The Research Brief is a short take about interesting academic work.
The big idea
When it comes to paid congressional internships, white students get more than their fair share, but Black and Latino students don’t get enough.
That is the key finding of a new report I co-authored with Tiffany Win and Carlos Mark Vera for Pay Our Interns, a Washington, D.C.-based nonprofit that is pushing to increase the number of paid internships in various sectors.
These racial disparities come despite 2018 legislation that provides House and Senate offices with allowances exclusively for paid internships. I investigated whom congressional offices hired with these allowances during the first year that this funding was available in 2019.
I found that while white students make up only 56% of undergraduate college students nationwide, they accounted for 76% of paid interns in Congress. In contrast, Black and Latino students make up 14% and 19% of all undergraduates, respectively, but accounted for only 6.7% and 7.9% of paid congressional interns, respectively.
Why it matters
Racial representation among paid congressional internships is important because internships often lead to paid staff positions. In a 2020 study of congressional staff, over 50% indicated that they started their careers on Capitol Hill as interns. Accordingly, if people of color are underrepresented among paid congressional interns, they will similarly be underrepresented among legislative staff.
That matters because congressional staff are important behind-the-scenes actors in making American law. They provide critical advice, guidance and analysis to lawmakers. Congressional staffers are also involved in nearly all dimensions of legislative work, from coming up with ideas to providing services for constituents to the oversight of the federal government and day-to-day operations of the legislature.
If the only staffers in the room advising members of Congress on policymaking decisions are white, then the policies this nation makes may not be as richly informed as they would otherwise be.
In addition, congressional employment provides a stepping stone to elected office. Today, the highest-ranking women in government, Vice President Kamala Harris and Speaker of the House Nancy Pelosi, both began their political careers as congressional interns.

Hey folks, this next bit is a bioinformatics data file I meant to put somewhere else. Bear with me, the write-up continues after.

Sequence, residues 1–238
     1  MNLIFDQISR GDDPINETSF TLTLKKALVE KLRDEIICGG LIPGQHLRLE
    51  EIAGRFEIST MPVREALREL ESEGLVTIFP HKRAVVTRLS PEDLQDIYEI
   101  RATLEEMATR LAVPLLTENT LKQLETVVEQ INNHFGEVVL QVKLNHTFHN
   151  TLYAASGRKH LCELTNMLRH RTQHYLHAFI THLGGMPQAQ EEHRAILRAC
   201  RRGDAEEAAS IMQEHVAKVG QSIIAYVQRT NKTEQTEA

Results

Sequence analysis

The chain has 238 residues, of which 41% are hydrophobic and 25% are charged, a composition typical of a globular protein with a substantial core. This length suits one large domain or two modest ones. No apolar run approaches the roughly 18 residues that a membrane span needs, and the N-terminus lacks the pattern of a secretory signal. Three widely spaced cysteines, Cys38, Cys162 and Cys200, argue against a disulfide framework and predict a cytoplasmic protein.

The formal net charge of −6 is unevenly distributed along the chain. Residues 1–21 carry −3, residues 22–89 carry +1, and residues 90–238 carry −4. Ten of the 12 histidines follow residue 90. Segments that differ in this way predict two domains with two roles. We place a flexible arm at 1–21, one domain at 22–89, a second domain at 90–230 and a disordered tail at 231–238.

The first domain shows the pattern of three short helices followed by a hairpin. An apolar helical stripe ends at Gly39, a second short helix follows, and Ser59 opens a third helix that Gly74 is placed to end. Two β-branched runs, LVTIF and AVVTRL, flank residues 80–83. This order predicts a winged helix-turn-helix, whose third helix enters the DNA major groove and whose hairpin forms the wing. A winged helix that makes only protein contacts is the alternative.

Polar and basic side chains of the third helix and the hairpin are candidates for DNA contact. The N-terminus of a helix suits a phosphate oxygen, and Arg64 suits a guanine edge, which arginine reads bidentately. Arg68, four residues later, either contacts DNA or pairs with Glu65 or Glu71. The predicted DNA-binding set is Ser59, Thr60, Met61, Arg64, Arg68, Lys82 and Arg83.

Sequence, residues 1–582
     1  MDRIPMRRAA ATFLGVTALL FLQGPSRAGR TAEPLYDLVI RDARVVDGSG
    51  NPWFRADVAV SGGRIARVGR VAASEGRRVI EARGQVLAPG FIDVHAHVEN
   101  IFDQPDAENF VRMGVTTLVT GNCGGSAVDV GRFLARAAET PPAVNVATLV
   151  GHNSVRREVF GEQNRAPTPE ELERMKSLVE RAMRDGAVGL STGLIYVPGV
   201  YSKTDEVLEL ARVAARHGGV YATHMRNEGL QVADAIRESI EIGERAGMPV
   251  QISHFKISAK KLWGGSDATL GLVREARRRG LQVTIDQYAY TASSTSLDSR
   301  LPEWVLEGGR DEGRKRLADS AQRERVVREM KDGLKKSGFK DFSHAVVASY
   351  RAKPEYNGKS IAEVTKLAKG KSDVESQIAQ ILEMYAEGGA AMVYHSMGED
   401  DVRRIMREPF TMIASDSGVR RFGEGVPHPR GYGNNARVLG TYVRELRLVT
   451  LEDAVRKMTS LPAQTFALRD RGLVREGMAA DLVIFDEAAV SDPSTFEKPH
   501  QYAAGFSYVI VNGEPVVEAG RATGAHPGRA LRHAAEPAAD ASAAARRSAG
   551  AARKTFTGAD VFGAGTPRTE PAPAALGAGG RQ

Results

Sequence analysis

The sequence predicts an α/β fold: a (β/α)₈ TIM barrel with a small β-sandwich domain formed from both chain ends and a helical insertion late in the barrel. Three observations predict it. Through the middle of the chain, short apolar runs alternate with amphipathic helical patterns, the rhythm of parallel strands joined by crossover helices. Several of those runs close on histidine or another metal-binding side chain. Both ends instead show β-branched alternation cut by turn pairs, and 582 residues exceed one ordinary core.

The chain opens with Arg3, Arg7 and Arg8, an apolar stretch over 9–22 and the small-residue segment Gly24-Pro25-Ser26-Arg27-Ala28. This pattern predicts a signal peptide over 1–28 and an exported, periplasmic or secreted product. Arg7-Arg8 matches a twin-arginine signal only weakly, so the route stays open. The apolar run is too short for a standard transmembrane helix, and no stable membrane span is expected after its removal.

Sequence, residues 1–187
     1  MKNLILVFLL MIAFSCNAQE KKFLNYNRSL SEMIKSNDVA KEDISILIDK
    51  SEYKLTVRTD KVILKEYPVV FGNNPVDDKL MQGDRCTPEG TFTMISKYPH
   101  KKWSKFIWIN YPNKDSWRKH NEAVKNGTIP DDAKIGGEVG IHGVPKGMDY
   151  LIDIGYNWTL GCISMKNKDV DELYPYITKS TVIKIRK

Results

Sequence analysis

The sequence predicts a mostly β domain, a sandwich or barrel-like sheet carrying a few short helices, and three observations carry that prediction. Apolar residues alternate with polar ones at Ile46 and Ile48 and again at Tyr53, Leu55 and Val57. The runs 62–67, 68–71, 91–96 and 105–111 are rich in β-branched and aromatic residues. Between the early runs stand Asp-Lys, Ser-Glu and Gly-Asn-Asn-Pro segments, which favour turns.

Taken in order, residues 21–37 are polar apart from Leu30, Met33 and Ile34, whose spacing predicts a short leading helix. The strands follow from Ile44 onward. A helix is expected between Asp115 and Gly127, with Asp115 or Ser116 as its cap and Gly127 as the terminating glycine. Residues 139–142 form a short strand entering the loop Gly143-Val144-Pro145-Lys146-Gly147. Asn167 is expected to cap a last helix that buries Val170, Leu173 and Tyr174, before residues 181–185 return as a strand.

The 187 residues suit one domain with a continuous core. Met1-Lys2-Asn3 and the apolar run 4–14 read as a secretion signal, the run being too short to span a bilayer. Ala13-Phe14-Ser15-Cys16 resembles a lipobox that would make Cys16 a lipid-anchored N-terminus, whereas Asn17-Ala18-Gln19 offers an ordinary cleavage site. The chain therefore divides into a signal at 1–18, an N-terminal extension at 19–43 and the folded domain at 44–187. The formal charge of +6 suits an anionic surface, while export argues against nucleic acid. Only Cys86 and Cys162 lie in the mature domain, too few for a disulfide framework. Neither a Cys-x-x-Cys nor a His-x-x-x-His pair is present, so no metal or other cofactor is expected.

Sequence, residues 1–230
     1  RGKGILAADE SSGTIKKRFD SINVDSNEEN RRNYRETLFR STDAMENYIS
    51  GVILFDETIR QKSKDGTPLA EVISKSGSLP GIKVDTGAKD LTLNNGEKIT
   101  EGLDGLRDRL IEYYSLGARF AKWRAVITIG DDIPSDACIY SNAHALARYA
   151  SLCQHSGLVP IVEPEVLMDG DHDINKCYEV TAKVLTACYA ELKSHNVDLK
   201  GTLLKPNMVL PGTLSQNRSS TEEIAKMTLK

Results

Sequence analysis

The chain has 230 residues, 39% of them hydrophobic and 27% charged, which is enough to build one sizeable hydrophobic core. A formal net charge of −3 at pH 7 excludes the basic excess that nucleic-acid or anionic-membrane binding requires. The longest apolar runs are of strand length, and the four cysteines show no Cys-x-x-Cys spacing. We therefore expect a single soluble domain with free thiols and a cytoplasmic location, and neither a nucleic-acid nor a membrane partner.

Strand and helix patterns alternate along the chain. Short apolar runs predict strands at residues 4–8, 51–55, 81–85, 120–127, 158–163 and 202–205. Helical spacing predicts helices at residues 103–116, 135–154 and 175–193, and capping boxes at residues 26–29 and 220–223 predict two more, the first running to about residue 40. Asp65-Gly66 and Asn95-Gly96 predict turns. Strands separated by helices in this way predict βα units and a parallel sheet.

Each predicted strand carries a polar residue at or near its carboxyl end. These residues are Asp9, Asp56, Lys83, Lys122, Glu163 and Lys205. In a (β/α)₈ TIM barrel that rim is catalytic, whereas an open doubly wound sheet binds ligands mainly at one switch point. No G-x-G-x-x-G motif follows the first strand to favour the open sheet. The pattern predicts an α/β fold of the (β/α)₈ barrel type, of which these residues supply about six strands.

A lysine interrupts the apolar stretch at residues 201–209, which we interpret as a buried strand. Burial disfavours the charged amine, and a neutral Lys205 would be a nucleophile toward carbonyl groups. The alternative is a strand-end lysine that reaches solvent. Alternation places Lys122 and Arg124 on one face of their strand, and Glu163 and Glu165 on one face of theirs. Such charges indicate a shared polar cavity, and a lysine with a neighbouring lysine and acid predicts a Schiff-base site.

When people get firsthand experience with how American democracy works, it better enables them to see themselves as leaders and public servants.
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What still isn’t known
While our report examines the racial makeup of paid congressional interns, Congress does not collect or publish data on unpaid interns. To this end, it’s not known how many unpaid interns there are or the racial makeup of this group. Some congressional offices may pay their interns with funding beyond the allowances they get for interns, but we don’t believe many do.
There are still a lot of unknowns about who works in Congress. My future research will continue to examine racial representation among congressional staff and the mechanisms that lead to racial inequities on Capitol Hill. I also plan to continue to urge Congress to adopt more transparent hiring practices so that this problem can be better understood.
How we do our work
We analyzed congressional payroll data, which provides the names of every paid intern. From the list of people who interned in Congress between April and September 2019, Pay Our Interns researchers conducted an online search for photographs, social backgrounds and past employment data of all interns. We obtained data from a variety of sources, including Linkedin, Facebook and Twitter. We collected racial demographic data for 96% of Senate interns and 95% of House interns.